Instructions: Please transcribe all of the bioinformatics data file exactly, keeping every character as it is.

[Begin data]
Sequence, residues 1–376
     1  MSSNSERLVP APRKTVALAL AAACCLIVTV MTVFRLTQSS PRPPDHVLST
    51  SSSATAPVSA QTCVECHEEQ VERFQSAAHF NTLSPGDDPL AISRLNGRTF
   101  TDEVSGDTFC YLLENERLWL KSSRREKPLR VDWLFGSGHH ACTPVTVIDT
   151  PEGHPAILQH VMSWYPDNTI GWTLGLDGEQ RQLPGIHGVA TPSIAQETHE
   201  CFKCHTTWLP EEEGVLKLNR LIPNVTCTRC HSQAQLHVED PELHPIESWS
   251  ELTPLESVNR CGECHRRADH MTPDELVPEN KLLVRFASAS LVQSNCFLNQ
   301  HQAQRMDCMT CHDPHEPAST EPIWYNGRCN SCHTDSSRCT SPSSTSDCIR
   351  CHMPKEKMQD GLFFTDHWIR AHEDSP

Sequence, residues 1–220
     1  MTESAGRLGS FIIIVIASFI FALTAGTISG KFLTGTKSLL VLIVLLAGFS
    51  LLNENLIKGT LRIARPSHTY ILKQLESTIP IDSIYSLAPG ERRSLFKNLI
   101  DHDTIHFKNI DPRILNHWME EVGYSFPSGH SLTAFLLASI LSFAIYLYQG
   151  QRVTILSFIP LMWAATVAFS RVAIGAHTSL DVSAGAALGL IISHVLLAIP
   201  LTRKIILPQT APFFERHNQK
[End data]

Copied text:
Sequence, residues 1–376
     1  MSSNSERLVP APRKTVALAL AAACCLIVTV MTVFRLTQSS PRPPDHVLST
    51  SSSATAPVSA QTCVECHEEQ VERFQSAAHF NTLSPGDDPL AISRLNGRTF
   101  TDEVSGDTFC YLLENERLWL KSSRREKPLR VDWLFGSGHH ACTPVTVIDT
   151  PEGHPAILQH VMSWYPDNTI GWTLGLDGEQ RQLPGIHGVA TPSIAQETHE
   201  CFKCHTTWLP EEEGVLKLNR LIPNVTCTRC HSQAQLHVED PELHPIESWS
   251  ELTPLESVNR CGECHRRADH MTPDELVPEN KLLVRFASAS LVQSNCFLNQ
   301  HQAQRMDCMT CHDPHEPAST EPIWYNGRCN SCHTDSSRCT SPSSTSDCIR
   351  CHMPKEKMQD GLFFTDHWIR AHEDSP

Sequence, residues 1–220
     1  MTESAGRLGS FIIIVIASFI FALTAGTISG KFLTGTKSLL VLIVLLAGFS
    51  LLNENLIKGT LRIARPSHTY ILKQLESTIP IDSIYSLAPG ERRSLFKNLI
   101  DHDTIHFKNI DPRILNHWME EVGYSFPSGH SLTAFLLASI LSFAIYLYQG
   151  QRVTILSFIP LMWAATVAFS RVAIGAHTSL DVSAGAALGL IISHVLLAIP
   201  LTRKIILPQT APFFERHNQK